China will provide Venezuela with $20 billion in long-term financing, much of it to help the South American nation develop crude oil reserves. It's another example of how the People's Republic is soaking up energy supplies from the tar sands of Canada to wells in Iran to the deep-water crude miles under the ocean off Brazil. And it shows the extent to which China is going to build a portfolio of deposits to cover its nearly insatiable appetite for fossil fuels.
Venezuelan President Hugo Chavez said "the deal was on top of an existing $12 billion Chinese-Venezuelan investment fund in which Beijing deposits money in return for forward sales of oil," according to Reuters. Some of the new capital will be used to explore what's known as Venezuela's Junin 4 region. Experts expect that the area will eventually yield 400,000 barrels of crude a day.
China Daily reported late last year that "Figures from the General Administration of Customs show imported oil in December hit a record 21.3 million tons, pushing the country's total oil imports last year to 204 million tons." The figure was 52% of China's needs that month, an illustration of how much China needs to tap foreign reserves.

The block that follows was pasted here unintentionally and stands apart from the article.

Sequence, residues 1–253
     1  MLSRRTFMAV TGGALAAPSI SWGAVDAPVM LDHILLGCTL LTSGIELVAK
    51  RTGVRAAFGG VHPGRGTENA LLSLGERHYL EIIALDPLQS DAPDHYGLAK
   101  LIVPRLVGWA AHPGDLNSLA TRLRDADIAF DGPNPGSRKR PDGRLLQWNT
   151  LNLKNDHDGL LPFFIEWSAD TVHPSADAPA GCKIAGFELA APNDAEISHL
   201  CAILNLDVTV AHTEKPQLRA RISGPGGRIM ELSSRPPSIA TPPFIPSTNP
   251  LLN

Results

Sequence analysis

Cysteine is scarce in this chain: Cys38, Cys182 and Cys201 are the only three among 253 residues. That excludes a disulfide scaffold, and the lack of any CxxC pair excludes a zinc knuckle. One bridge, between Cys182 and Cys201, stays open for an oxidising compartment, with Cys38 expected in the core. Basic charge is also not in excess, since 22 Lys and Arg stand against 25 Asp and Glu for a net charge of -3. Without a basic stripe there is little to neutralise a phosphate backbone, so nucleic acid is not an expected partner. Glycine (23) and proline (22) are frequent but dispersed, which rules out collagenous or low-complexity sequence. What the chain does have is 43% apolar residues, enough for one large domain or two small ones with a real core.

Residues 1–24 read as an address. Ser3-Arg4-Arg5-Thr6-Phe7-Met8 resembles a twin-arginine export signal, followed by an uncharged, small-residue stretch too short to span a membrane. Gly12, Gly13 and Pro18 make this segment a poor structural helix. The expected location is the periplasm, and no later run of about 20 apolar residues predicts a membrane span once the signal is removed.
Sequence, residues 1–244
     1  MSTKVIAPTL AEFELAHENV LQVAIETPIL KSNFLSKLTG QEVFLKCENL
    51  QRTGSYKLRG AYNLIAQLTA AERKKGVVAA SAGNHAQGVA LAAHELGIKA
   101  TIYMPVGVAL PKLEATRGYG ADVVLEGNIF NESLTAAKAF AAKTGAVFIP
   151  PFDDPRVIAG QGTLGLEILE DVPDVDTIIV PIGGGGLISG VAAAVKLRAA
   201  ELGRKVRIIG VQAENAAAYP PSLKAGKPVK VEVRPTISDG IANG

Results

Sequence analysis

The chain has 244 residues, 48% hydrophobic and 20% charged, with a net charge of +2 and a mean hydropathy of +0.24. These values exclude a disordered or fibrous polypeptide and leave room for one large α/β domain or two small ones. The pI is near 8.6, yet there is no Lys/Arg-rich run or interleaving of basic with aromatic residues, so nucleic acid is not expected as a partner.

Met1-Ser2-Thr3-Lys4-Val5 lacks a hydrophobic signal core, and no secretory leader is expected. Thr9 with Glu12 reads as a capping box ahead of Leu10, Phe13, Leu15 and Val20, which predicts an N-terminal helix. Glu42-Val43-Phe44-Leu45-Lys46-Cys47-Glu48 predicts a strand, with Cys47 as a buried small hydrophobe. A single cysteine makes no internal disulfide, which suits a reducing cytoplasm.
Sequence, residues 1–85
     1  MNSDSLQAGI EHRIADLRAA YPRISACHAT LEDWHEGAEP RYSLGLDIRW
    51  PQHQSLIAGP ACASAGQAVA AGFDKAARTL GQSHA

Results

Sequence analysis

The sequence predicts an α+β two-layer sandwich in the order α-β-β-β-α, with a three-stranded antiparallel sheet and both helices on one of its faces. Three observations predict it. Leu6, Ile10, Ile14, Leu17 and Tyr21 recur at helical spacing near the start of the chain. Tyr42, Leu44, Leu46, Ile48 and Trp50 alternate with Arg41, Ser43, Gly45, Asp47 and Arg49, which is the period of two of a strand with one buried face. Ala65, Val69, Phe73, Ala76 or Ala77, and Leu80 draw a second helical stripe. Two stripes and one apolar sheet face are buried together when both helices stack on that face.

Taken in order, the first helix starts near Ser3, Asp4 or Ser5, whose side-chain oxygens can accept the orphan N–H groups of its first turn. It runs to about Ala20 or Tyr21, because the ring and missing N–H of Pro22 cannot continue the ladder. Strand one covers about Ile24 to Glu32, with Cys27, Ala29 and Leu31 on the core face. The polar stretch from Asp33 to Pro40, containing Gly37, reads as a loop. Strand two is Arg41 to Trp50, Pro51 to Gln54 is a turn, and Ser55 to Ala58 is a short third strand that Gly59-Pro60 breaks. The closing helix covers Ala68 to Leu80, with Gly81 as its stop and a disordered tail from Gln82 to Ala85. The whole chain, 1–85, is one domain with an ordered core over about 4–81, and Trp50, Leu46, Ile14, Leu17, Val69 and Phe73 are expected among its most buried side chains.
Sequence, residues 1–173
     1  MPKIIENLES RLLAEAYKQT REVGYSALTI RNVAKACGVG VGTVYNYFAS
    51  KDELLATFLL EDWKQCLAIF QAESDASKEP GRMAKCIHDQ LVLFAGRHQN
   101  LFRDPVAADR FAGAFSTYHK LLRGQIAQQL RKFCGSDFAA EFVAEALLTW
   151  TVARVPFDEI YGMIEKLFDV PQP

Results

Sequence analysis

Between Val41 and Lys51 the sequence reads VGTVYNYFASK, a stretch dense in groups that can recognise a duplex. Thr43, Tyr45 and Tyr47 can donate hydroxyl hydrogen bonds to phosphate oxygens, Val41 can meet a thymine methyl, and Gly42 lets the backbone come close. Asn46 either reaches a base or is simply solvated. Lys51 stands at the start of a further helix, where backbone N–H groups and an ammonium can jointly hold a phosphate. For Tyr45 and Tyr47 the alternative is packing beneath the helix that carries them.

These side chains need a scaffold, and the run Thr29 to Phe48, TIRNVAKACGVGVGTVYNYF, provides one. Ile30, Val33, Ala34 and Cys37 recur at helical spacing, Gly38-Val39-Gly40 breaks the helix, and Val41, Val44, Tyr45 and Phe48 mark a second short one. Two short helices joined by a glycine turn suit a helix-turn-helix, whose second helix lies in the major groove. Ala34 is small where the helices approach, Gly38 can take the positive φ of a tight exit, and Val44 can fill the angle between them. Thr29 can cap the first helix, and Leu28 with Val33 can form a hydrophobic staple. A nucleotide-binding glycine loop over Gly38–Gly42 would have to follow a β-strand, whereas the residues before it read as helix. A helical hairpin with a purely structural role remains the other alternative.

That appetite has become more voracious in 2010. The Wall Street Journal wrote that Chinese "refiners raised output by 18% from a year earlier." The demand from the mainland is almost certainly one of the causes for the run-up in oil price, which recently moved a touch above $87 a barrel.
China and its state-controlled oil companies are increasingly competing for supply with the largest Western companies like Exxon Mobil (XOM). This not only adds to demand but also pits a nation with nearly infinite supplies of capital against large oil companies that, despite their size, do not.
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